Then we make the call. If there’s an error (getaddrinfo() returns non-zero), we can print it out using the function gai_strerror(), as you see. If everything works properly, though, servinfo will point to a linked list of struct addrinfos, each of which contains a struct sockaddr of some kind that we can use later! Nifty!

Finally, when we’re eventually all done with the linked list that getaddrinfo() so graciously allocated for us, we can (and should) free it all up with a call to freeaddrinfo().

Here’s a sample call if you’re a client who wants to connect to a particular server, say “” port 3490. Again, this doesn’t actually connect, but it sets up the structures we’ll use later:

int status;
struct addrinfo hints;
struct addrinfo *servinfo;  // will point to the results

memset(&hints, 0, sizeof hints); // make sure the struct is empty
hints.ai_family = AF_UNSPEC;     // don't care IPv4 or IPv6
hints.ai_socktype = SOCK_STREAM; // TCP stream sockets

// get ready to connect
status = getaddrinfo("", "3490", &hints, &servinfo);

// servinfo now points to a linked list of 1 or more struct addrinfos

// etc.

I keep saying that servinfo is a linked list with all kinds of address information. Let’s write a quick demo program to show off this information. This short program21 will print the IP addresses for whatever host you specify on the command line:

** showip.c -- show IP addresses for a host given on the command line

#include <stdio.h>
#include <string.h>
#include <sys/types.h>
#include <sys/socket.h>
#include <netdb.h>
#include <arpa/inet.h>
#include <netinet/in.h>

int main(int argc, char *argv[])
    struct addrinfo hints, *res, *p;
    int status;
    char ipstr[INET6_ADDRSTRLEN];

    if (argc != 2) {
        fprintf(stderr,"usage: showip hostname\n");
        return 1;

    memset(&hints, 0, sizeof hints);
    hints.ai_family = AF_UNSPEC; // AF_INET or AF_INET6 to force version
    hints.ai_socktype = SOCK_STREAM;

    if ((status = getaddrinfo(argv[1], NULL, &hints, &res)) != 0) {
        fprintf(stderr, "getaddrinfo: %s\n", gai_strerror(status));
        return 2;

    printf("IP addresses for %s:\n\n", argv[1]);

    for(p = res;p != NULL; p = p->ai_next) {
        void *addr;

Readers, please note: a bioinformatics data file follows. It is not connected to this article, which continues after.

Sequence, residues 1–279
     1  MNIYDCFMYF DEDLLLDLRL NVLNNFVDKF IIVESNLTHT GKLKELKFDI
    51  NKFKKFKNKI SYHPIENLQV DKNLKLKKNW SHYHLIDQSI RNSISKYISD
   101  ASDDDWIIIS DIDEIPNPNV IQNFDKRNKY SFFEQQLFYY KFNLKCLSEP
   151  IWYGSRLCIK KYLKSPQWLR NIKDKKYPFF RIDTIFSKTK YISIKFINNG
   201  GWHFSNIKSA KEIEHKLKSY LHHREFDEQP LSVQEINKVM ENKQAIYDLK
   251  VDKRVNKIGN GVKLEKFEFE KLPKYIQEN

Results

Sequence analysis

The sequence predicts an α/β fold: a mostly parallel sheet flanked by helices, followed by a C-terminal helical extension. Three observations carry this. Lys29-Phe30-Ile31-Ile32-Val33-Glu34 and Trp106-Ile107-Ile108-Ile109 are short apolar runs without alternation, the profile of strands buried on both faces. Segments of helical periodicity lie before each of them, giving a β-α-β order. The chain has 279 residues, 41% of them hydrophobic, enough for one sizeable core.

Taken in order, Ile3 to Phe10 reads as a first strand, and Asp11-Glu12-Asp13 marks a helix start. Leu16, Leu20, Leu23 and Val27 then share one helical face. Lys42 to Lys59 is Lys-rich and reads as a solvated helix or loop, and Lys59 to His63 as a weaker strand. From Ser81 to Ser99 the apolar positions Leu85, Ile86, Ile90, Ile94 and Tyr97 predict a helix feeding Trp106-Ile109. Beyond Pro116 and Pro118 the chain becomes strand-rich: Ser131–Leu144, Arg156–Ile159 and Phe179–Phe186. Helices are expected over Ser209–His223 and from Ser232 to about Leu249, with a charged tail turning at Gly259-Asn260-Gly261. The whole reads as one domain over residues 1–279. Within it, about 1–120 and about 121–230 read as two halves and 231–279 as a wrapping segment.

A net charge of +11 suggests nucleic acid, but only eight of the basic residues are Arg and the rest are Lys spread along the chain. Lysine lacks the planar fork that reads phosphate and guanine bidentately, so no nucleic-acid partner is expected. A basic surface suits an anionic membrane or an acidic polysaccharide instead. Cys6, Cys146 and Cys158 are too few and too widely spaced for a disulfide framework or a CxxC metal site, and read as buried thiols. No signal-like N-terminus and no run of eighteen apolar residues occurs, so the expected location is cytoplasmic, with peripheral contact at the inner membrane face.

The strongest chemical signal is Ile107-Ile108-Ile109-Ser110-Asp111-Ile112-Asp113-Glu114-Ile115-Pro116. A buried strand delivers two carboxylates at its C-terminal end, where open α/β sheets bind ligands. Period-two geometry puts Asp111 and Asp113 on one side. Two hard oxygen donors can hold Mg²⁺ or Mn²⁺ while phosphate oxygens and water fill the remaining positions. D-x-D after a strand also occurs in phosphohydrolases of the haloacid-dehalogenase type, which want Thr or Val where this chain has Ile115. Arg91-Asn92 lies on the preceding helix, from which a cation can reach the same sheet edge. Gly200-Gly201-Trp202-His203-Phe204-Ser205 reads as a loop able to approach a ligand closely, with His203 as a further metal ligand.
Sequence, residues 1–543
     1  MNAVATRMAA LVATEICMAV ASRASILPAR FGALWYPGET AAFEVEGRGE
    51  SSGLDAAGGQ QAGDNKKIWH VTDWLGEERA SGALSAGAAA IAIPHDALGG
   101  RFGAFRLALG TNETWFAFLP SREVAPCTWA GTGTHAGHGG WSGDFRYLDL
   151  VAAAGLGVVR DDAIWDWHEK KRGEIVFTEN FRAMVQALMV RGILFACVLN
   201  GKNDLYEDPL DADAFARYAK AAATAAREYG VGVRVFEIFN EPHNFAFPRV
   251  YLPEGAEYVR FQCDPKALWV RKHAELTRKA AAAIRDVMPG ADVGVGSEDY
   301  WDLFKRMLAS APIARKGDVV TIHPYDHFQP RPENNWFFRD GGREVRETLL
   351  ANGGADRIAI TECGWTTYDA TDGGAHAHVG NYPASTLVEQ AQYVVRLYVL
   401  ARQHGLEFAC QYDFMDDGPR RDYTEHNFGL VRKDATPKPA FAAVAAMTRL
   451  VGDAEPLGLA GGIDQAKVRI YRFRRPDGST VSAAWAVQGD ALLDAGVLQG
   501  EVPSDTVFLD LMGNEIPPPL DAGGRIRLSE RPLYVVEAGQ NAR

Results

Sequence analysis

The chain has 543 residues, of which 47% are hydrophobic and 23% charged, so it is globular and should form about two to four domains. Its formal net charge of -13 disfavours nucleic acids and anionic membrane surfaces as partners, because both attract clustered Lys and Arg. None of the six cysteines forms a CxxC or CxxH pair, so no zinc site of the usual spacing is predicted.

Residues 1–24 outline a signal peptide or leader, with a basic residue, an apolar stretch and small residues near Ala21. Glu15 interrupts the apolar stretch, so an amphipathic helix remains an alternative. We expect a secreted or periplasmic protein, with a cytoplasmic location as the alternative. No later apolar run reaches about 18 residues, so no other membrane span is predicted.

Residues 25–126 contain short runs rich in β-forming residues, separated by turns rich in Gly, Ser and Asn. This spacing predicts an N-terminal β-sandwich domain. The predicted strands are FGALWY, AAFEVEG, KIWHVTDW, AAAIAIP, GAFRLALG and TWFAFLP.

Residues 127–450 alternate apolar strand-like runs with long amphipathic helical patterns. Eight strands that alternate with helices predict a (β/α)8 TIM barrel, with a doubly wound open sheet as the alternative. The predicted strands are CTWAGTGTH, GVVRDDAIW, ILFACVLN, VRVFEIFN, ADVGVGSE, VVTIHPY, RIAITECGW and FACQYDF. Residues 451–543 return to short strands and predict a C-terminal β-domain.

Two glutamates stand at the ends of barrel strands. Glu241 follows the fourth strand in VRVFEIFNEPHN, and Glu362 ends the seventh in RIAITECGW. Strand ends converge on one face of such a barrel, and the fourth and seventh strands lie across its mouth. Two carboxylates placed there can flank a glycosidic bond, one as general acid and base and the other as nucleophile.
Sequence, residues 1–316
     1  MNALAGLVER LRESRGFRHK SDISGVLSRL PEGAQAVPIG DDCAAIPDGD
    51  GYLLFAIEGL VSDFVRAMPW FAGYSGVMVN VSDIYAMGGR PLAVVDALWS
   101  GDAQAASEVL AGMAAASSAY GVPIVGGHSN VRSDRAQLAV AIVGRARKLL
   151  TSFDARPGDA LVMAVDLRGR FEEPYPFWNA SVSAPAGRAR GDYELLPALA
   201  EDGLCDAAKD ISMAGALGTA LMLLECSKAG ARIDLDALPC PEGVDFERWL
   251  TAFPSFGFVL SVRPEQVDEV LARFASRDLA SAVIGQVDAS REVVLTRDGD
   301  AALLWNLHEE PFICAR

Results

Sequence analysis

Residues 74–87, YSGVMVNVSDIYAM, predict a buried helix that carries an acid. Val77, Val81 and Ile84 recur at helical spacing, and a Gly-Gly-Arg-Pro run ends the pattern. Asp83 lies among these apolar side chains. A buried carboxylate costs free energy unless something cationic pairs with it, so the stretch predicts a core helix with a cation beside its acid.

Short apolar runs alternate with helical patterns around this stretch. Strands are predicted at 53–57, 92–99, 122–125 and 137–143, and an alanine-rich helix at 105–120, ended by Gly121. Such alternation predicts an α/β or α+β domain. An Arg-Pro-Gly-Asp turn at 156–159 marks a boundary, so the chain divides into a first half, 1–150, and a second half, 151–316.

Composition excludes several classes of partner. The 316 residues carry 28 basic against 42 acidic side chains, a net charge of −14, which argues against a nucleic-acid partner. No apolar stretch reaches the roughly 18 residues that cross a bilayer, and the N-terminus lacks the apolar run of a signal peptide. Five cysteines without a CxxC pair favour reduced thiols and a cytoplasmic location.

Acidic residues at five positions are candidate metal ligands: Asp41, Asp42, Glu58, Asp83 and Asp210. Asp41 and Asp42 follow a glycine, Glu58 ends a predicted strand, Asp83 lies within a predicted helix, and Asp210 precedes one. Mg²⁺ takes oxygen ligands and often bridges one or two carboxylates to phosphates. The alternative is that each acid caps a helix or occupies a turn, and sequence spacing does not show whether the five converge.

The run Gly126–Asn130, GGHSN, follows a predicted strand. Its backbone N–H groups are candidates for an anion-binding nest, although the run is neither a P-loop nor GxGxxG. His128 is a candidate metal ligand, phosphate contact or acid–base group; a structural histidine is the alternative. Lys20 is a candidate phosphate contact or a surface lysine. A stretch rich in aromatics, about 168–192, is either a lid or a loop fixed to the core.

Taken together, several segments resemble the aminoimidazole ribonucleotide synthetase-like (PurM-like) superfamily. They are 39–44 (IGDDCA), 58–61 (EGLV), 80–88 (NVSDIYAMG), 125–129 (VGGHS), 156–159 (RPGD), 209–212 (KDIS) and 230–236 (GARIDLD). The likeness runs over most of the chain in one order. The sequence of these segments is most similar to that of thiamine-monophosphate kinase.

char *ipver;

        // get the pointer to the address itself,
        // different fields in IPv4 and IPv6:
        if (p->ai_family == AF_INET) { // IPv4
            struct sockaddr_in *ipv4 = (struct sockaddr_in *)p->ai_addr;
            addr = &(ipv4->sin_addr);
            ipver = "IPv4";
        } else { // IPv6
            struct sockaddr_in6 *ipv6 = (struct sockaddr_in6 *)p->ai_addr;
            addr = &(ipv6->sin6_addr);
            ipver = "IPv6";

        // convert the IP to a string and print it:
        inet_ntop(p->ai_family, addr, ipstr, sizeof ipstr);
        printf("  %s: %s\n", ipver, ipstr);

    freeaddrinfo(res); // free the linked list

    return 0;

As you see, the code calls getaddrinfo() on whatever you pass on the command line, that fills out the linked list pointed to by res, and then we can iterate over the list and print stuff out or do whatever.

(There’s a little bit of ugliness there where we have to dig into the different types of struct sockaddrs depending on the IP version. Sorry about that! I’m not sure of a better way around it.)

Sample run! Everyone loves screenshots:

$ showip
IP addresses for


$ showip
IP addresses for

  IPv6: 2001:db8:8c00:22::171

Now that we have that under control, we’ll use the results we get from getaddrinfo() to pass to other socket functions and, at long last, get our network connection established! Keep reading!

5.2 socket()—Get the File Descriptor!

I guess I can put it off no longer—I have to talk about the socket() system call. Here’s the breakdown:

#include <sys/types.h>
#include <sys/socket.h>

int socket(int domain, int type, int protocol); 

But what are these arguments? They allow you to say what kind of socket you want (IPv4 or IPv6, stream or datagram, and TCP or UDP).

It used to be people would hardcode these values, and you can absolutely still do that. (domain is PF_INET or PF_INET6, type is SOCK_STREAM or SOCK_DGRAM, and protocol can be set to 0 to choose the proper protocol for the given type. Or you can call getprotobyname() to look up the protocol you want, “tcp” or “udp”.)